It was reassuring to hear from another country that similar programmes make a difference to all population groups and to those in the lower SE groups in particular.  The HUG programme is child centred and optimizes parent responsiveness to their infant’s needs.


Listening to this talk and speaking to the presenters afterwards I noted that it was an approach that any of us working in the voluntary sector would immediately recognise. Working on improving parents’ knowledge of the normal newborn’s behaviour makes breastfeeding a more enjoyable experience as anticipatory guidance provides them with a road map for the journey over the first year.


Further information on HUG here


Sue Jameson, ALCI President, October 2019.

Sue attended the ILCA Conference, representing and funded by ALCI.

Painful Nipples by Kay Hoover reviewed by Jennifer Ashcroft

Kay Hoover, MEd and IBCLC, was the keynote speaker at the recent ACLI conference held in Limerick. Kay’s presentation on the Friday was titled “Painful nipples during breastfeeding” where she addressed the multiple root causes for nipple pain and highlighted the need to not just manage the symptoms.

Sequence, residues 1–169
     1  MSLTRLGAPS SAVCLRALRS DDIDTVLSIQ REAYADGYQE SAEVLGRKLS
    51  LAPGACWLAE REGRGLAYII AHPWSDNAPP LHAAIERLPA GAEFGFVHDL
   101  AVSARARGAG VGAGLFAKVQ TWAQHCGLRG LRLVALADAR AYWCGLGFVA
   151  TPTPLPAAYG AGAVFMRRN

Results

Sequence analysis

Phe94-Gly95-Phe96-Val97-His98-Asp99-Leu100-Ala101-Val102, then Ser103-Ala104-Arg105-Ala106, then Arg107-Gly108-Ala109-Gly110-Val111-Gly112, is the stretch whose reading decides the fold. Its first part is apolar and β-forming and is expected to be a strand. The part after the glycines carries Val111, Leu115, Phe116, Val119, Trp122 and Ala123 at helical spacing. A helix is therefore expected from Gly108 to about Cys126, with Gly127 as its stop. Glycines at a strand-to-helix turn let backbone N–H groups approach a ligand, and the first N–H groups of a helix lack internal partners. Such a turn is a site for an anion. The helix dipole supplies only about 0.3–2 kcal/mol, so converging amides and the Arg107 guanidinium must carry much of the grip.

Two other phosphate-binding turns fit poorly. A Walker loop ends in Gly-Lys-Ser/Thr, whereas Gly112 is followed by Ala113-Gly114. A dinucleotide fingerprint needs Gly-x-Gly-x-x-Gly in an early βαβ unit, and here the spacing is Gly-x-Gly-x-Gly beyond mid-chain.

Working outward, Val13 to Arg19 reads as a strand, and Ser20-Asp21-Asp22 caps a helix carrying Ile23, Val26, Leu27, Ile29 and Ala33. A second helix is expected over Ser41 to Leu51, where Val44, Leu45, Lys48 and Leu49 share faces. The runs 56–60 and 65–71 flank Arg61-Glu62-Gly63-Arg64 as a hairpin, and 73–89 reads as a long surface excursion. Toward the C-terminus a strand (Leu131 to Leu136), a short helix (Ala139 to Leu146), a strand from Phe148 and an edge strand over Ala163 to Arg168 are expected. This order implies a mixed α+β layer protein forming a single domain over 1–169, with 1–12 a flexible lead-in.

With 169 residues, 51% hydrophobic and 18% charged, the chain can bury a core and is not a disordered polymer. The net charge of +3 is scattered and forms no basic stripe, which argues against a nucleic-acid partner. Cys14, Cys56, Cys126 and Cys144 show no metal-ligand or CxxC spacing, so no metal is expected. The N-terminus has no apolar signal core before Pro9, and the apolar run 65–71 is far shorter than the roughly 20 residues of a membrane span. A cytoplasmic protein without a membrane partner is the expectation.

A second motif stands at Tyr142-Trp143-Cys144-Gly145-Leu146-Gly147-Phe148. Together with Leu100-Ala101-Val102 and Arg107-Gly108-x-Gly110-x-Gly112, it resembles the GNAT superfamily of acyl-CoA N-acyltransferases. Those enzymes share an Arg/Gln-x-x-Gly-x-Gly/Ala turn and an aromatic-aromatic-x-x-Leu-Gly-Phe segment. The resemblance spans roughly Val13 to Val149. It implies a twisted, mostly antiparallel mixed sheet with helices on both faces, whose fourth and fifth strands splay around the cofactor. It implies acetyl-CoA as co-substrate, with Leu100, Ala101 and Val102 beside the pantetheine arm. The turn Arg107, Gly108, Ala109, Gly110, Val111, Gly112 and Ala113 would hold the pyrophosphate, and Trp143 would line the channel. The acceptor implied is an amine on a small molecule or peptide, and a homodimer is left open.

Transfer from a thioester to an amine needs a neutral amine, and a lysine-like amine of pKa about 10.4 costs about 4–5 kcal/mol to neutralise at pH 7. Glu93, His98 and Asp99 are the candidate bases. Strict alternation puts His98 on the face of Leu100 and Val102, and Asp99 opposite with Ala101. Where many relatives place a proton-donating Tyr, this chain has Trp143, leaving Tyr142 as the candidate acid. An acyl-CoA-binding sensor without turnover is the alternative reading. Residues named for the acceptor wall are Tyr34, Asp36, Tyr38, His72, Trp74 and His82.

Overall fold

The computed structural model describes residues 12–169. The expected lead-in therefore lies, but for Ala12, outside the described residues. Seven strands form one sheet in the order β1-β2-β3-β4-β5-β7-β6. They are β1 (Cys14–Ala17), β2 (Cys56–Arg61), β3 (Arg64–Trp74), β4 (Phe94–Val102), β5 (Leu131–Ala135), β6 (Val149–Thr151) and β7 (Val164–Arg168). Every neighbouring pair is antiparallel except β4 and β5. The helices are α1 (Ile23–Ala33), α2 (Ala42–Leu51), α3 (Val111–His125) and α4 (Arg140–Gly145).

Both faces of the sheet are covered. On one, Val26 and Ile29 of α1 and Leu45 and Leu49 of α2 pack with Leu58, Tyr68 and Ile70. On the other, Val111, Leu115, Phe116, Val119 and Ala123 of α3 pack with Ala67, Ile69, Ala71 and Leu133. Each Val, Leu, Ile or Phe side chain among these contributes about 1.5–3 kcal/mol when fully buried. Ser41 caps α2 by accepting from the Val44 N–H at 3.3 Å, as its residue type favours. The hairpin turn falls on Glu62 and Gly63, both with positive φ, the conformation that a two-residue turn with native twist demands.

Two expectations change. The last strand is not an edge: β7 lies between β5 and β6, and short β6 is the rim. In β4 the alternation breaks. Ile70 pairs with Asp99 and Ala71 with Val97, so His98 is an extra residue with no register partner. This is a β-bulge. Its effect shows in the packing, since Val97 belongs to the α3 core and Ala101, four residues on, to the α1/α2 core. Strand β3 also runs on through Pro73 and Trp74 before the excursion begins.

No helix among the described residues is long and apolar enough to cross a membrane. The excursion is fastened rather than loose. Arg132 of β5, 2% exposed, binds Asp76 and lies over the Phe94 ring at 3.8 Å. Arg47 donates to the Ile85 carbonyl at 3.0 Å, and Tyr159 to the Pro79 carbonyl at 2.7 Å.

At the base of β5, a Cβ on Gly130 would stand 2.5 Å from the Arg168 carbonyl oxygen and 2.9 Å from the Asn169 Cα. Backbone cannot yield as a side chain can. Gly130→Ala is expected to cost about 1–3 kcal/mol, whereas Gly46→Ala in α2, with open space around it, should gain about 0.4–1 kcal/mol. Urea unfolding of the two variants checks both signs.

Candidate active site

Kay’s objectives for the presentation were that the delegates could;

  • List 5 causes of nipple pain
  • List 5 dermatological conditions
  • Draw up a care plan for damaged nipples


Kay spoke from her experience that it can be normal for mums to experience approximately 20 seconds of discomfort with the initial latch but that after this mothers should be able to relax and be less tense throughout the duration of the feed. Days 3-5 post-partum are often the peak of nipple pain and that this is expected to subside by days 7-10 however from experience it is seen that a large percentage of mothers have ongoing pain for a significant period of time.


Kay highlighted that we know hormonal changes such as the menstrual cycle causes breast changes and nipple tenderness, so therefore with the post-partum hormonal shift it is not surprising that we see this peak at days 3-5 post-partum in nipple pain. Kay spoke that there is limited research to back up this theory, however from what we understand about hormones and their impact we can better equip mothers in their expectations in these early post-partum days.


Maternal problems that can lead to nipple pain include the following:


  • Long nipples – causing infant to gag or pull off the breast frequently
  • Large nipples (diameter) making it more difficult to achieve a deep latch
  • Inverted nipples – pain in extracting the nipple to feed
  • Skin tags on nipples – potential for repeated trauma each time infant feeds
  • Blebs and blocked ducts